A stunningly original exploration of the ties that bind us to the beautiful, ancient, astoundingly accomplished, largely unknown, and unfathomably different species with whom we share the world.
For as long as humans have existed, insects have been our constant companions. Yet we hardly know them, not even the ones we’re closest to: those that eat our food, share our beds, and live in our homes. Organizing his book alphabetically, Hugh Raffles weaves together brief vignettes, meditations, and extended essays, taking the reader on a mesmerizing exploration of history and science, anthropology and travel, economics, philosophy, and popular culture. Insectopedia shows us how insects have triggered our obsessions, stirred our passions, and beguiled our imaginations.
Raffles offers us a glimpse into the high-stakes world of Chinese cricket fighting, the deceptive courtship rites of the dance fly, the intriguing possibilities of queer insect sex, the vital and vicious role locusts play in the famines of west Africa, how beetles deformed by Chernobyl inspired art, and how our desire and disgust for insects has prompted our own aberrant behavior. Deftly fusing the literary and the scientific, Hugh Raffles has given us an essential book of reference that is also a fascination of the highest order.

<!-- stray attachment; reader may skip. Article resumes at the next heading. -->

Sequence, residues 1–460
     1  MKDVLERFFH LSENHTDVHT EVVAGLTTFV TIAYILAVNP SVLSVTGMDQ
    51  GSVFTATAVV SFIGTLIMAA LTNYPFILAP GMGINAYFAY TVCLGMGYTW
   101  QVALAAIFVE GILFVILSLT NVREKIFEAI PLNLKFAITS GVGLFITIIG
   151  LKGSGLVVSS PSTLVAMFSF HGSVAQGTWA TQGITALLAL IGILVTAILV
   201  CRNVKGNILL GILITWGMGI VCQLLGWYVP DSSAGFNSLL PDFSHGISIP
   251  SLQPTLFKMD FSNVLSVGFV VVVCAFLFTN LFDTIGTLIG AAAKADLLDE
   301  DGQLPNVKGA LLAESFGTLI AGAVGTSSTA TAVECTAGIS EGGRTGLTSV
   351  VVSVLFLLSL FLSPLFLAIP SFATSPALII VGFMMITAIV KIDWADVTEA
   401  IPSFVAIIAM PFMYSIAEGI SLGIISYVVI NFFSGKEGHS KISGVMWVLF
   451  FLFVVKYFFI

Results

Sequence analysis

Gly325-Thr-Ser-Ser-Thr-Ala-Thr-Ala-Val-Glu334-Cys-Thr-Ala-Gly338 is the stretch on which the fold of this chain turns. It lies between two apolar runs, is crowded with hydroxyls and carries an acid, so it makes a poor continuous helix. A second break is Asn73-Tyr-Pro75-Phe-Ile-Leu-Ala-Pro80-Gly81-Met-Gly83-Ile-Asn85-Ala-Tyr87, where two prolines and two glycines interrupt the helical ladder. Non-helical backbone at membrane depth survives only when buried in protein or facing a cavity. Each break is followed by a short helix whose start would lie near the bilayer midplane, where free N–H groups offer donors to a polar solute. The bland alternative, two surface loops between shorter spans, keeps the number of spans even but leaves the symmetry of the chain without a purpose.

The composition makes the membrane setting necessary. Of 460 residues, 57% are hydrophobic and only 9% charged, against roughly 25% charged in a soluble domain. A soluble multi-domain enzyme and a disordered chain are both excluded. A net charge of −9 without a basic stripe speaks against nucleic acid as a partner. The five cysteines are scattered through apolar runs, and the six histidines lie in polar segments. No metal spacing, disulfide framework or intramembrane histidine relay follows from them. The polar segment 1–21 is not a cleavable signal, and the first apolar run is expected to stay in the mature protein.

“A revelation of the world of our fellow creatures . . . by a writer whose style is equal to his huge and strange task.”-Buffalo News (Editor’s Choice)
“Unusual and most engaging.”-The Seattle Times
“Provocative. . . . Insectopedia opens up a can of worms and it’s doubtful they can be herded back in.”-Santa Cruz Sentinel